Tips & Thoughts for New Runners, Part 2

A few weeks ago, I posted some tips and thoughts for new runners. I hope it was helpful. Here’s the next entry in the series. (here’s Part 1)

Reminder – I’m not an expert, coach, trainer, elite or anything like that which would make me “qualified” to give advice. What you see below is things I’ve read or heard, learned personally over the years I’ve run, and some opinions.


Your cardiovascular system will improve and progress faster than your musculoskeletal system. This means running will feel easier from a heart rate & breathing standpoint sooner than it really is for your muscles (and especially joints and tendons). It’s easy to push your body harder than it’s really ready for, and you might pay a price for it in terms of soreness or injury. Gradual, measured increases (time/miles and pace) with periodic “cut back” or “step back” segments can help you avoid this very common situation – which is always something of a risk.

Adaptation (which often equals improvement) doesn’t happen during your runs. It’s easy to think it does, because you’re running faster or longer. But that’s because your body adapted from the last times you ran. Stress (running) is a stimulus. The body responds and adapts during the rest and recovery periods (sleep, rest or cross-training days).  Stress + rest = adaptation. If you don’t get the rest, it’s just stress. If your body doesn’t have a chance to make the physiological changes you want (you’re not getting enough sleep, not taking days off from running), you won’t improve, you probably won’t enjoy your running as much, and you’re more likely to get hurt.

Recovery is important. There are many aspects to recovery – including sleep, nutrition and hydration – and there are many approaches you can take to improve your recovery. You’ll find lots of articles on the web as well as pieces in running magazines. One of my favorite authors/coaches, Sage Rountree, has written a very useful book The Athlete’s Guide to Recovery, in which she discusses fatigue, rest, recovery tools, etc., looking at their effectiveness, scientific proof, and cost aspects.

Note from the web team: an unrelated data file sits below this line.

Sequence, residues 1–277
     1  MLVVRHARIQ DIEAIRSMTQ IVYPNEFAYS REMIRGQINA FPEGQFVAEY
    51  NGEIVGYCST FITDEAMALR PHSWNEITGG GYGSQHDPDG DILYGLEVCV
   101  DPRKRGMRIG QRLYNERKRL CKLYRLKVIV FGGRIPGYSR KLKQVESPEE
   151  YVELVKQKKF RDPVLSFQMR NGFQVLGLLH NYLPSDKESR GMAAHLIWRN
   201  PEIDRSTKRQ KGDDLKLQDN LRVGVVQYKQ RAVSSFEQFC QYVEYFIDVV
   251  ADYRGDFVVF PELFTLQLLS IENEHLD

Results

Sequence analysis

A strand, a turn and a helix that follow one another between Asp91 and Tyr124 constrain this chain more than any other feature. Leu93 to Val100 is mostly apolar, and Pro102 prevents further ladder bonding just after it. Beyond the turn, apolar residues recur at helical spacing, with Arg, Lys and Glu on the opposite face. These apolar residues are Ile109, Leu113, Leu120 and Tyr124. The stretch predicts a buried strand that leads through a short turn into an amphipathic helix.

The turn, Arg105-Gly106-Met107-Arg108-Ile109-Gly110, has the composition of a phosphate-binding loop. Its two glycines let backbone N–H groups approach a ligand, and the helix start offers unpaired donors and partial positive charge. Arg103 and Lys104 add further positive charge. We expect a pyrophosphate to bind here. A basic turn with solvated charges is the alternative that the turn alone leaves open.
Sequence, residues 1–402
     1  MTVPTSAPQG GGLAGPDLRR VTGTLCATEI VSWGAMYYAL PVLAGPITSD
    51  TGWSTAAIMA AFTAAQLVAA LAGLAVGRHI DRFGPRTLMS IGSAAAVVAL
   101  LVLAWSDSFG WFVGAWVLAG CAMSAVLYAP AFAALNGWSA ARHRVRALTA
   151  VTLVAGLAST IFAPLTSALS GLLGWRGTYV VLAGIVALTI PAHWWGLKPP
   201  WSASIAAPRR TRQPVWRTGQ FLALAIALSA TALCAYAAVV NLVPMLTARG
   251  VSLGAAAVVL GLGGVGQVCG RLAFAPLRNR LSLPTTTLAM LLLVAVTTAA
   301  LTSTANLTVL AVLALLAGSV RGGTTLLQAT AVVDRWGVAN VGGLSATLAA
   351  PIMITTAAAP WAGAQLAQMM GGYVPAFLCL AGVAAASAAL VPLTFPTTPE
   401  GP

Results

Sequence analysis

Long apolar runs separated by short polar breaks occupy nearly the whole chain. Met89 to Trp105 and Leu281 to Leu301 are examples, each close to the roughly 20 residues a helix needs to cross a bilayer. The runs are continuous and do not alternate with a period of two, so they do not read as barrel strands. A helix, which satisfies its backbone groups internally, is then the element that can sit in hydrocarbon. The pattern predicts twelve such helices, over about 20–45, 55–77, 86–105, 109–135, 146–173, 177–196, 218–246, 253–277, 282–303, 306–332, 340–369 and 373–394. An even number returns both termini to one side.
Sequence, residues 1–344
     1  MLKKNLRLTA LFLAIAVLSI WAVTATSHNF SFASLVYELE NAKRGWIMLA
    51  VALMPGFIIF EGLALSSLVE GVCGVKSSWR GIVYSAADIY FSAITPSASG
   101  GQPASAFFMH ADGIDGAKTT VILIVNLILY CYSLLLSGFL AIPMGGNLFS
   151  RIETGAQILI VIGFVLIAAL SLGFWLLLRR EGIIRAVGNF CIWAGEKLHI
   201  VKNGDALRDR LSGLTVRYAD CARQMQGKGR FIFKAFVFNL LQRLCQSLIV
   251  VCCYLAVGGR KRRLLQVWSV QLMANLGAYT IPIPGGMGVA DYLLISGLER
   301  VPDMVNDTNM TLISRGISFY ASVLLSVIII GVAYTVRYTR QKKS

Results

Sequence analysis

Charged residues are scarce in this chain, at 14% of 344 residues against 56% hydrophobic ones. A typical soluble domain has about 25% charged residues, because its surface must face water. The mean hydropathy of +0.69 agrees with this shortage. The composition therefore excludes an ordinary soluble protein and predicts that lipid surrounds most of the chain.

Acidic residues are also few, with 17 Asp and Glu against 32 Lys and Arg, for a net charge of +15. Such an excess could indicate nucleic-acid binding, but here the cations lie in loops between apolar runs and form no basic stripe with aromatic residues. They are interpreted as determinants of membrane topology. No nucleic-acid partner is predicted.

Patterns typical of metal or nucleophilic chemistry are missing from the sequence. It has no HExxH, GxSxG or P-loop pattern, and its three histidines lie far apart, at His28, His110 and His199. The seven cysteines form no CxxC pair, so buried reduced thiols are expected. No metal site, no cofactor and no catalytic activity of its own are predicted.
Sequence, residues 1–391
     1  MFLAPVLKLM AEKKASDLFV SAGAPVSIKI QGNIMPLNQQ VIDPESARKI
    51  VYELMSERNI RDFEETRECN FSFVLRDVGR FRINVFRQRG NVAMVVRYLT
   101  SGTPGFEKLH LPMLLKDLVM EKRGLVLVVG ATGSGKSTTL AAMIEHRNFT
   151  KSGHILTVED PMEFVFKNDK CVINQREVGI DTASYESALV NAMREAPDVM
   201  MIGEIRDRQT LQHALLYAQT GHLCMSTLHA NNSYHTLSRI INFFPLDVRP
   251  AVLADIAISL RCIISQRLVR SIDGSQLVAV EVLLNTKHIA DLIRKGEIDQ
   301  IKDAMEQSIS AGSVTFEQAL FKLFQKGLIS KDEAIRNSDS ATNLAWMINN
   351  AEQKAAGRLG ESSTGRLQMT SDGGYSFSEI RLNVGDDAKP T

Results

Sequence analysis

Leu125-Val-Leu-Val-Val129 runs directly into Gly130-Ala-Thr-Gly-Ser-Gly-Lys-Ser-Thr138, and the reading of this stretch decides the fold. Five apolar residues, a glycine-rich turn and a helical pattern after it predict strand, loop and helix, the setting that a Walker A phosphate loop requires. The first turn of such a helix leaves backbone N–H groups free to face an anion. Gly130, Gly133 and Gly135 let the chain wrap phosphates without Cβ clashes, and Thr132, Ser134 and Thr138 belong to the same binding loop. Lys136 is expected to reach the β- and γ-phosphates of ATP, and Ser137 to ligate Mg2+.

Sleep and hydration matter. If you’re skimping on those, it will – at some point – affect your running.

The best “diet” for a runner is generally a healthy diet overall. Again, this will get more important as you get older and/or run more.  Increasing the amount of whole foods (things you recognize as food, like fruits and veggies) and reducing processed/packaged foods and added sugar is a good place to start. There are plenty of articles in Runner’s World to help you with this, and Matt Fitzgerald has a some good books – Racing Weight, the accompanying cookbook, and The New Rules of Marathon and Half-Marathon Nutrition – that cover these topics, and discuss in more detail the concept of “diet quality” rather than following a “diet” overall. He also has some articles online in the Nutrition section of Competitor’s site.

Running is only part of the equation of being a healthy, lifelong runner. Stretching/flexibility work, strength and core work, drills and other running-specific exercises and cross-training are all important components of enjoyable and successful running – however you define success. They get more important as you get older and if you have any injury problems.